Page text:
Hi all, it’s almost the end of this month and it seems like the first semester of grad school for me is flying by so quickly. Last week I was not feeling too well, even so, I’m glad I made it to class anyway. Congrats to Christina for an amazing presentation and class discussion.
Last week we viewed Kim Crenshaw’s powerful TED talk on the Urgency of Intersectionality. In her talk, she presents a case that highlights the issue of both gender and race in America. In her example, she described the case of an African-American woman who believed that she was being discriminated against in the workplace based on her dual identity as a woman who is black. The court, unfortunately, dismissed her case because they deemed it was unsolvable and there was a lack of evidence to support her claim. Nevertheless, Crenshaw makes a point that her case is a very common issue in America. Many other black women are overlooked and treated unfairly and they are getting no justice. Their cases go unreported in the media, unlike other white women and men. I thought Crenshaw’s argument was very powerful and edifying. From the very beginning when she mentioned the names of some of these victims, I did not recognize their names and was incognizant of their cases. This goes to show that violence and discrimination against black women in America is an unrepresented issue that we as a society must notice and make changes to resolve.
Furthermore, we also viewed a short video experiment from the Equity Unbound website (A class Divided). In this experiment, a classroom teacher (Jane Elliott) conducts a social experiment with her students. These young students were told at different times that because of the color of their eyes they were better than some other students. As a result, when the students believed they were superior they worked faster, were happier and had a more positive disposition overall. In contrast, when these same students were told because of the color of their eyes they were less competent, they behaved differently. This experiment proved that equality in the classroom is essential for a child’s learning experience. While this sociological experiment served as a moral research method we all agreed that in this day and age any teacher who tried an experiment like that would get fired. The topic of equal learning, however, should always be an important topic of discussion.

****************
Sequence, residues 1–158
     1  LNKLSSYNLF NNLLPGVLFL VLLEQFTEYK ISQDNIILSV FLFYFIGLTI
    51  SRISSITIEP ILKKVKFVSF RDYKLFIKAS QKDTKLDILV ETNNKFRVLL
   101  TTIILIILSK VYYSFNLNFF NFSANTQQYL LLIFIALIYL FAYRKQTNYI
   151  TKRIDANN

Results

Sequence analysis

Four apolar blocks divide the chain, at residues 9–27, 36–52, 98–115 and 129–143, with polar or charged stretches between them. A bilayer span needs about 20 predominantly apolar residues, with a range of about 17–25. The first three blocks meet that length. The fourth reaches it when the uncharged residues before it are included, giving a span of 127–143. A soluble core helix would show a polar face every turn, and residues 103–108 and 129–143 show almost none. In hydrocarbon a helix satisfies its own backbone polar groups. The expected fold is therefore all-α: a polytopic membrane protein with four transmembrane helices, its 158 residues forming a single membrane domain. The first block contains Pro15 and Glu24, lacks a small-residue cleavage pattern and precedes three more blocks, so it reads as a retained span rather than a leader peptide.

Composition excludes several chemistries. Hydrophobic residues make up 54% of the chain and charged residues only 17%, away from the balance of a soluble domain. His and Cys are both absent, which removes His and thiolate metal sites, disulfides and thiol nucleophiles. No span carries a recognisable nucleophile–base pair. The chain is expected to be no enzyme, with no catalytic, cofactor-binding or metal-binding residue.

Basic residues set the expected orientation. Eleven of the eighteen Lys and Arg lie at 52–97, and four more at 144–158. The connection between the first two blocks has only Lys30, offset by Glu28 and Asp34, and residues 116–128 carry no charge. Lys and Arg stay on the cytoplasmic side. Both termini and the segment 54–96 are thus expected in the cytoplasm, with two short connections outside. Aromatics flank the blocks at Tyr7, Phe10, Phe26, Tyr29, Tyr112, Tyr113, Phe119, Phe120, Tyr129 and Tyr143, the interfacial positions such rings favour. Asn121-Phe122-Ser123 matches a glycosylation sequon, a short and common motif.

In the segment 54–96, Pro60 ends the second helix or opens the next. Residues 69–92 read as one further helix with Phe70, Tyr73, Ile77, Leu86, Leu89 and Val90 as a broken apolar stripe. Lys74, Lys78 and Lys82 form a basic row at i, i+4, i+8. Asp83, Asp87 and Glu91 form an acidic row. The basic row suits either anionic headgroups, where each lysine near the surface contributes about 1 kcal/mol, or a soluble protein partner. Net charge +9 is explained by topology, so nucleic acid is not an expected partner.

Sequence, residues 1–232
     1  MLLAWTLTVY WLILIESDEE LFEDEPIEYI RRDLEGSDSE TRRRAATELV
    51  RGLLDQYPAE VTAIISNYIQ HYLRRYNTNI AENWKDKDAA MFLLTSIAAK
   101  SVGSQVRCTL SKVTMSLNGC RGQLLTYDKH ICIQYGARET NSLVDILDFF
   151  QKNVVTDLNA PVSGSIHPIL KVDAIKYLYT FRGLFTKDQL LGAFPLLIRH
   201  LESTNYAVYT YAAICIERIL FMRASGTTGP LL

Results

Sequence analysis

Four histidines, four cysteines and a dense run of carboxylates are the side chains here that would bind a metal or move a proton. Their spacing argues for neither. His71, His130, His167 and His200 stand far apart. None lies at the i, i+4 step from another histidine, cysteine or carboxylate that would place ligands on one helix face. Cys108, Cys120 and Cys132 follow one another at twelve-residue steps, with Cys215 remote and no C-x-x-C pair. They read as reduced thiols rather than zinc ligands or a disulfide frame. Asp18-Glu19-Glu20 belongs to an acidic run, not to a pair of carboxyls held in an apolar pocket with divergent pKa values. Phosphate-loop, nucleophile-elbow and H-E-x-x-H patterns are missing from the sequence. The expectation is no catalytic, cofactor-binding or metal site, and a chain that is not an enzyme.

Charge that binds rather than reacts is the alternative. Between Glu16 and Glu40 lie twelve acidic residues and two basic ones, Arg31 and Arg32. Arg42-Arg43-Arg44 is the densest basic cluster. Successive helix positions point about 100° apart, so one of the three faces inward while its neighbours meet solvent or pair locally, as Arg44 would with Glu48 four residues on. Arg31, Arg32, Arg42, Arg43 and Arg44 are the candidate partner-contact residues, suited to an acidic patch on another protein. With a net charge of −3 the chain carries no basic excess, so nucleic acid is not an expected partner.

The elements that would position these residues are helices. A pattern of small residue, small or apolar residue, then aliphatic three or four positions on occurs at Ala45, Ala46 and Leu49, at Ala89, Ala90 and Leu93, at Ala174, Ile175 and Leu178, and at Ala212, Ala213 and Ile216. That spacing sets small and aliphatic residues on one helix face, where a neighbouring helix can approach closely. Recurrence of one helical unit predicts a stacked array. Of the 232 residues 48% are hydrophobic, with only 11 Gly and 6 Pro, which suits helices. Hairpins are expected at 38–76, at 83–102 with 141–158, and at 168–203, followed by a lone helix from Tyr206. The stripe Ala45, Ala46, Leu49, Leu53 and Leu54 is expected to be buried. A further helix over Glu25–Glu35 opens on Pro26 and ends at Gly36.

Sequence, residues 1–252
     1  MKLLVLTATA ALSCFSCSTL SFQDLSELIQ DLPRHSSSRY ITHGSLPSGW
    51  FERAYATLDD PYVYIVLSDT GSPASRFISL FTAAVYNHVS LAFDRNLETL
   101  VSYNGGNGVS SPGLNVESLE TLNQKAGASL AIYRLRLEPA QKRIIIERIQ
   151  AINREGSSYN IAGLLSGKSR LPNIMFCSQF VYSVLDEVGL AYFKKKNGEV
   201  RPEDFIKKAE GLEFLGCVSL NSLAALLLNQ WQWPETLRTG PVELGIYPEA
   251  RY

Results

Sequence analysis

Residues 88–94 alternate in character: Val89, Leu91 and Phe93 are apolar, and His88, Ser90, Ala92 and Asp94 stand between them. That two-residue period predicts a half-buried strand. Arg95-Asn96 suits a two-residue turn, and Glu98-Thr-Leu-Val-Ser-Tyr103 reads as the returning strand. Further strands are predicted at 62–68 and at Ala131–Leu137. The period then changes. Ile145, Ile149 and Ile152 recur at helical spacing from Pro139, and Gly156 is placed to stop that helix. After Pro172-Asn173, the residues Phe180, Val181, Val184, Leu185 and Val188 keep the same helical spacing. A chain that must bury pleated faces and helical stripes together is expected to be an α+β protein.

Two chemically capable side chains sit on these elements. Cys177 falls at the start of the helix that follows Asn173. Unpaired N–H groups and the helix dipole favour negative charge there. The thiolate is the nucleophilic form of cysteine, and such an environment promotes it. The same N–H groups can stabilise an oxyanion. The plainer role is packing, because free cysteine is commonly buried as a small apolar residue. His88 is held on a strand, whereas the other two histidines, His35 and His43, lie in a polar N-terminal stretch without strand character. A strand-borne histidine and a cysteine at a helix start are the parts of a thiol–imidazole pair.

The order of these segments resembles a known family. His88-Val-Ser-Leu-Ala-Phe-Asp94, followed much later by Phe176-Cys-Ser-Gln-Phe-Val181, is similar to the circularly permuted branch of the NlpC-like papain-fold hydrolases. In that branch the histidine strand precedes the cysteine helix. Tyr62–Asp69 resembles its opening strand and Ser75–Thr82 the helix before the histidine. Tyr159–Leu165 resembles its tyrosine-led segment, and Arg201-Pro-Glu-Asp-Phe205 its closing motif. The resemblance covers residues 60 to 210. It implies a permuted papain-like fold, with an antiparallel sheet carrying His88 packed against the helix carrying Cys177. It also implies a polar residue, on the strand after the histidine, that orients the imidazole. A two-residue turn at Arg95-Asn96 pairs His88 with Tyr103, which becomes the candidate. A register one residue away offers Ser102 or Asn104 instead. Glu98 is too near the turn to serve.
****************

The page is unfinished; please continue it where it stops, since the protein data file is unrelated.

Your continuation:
In regards to this topic, while we will not meet physically this week, I followed up with the Equity Unbound website and browsed the twitter conversations happening around the @mozillafestival and #unboundeq hashtag. The tweets allow learning to be inclusive and interactive. The materials present sources that are open to learning from others. I am excited to read some of the tweets happening soon and participate in the discussion on open learning and social media.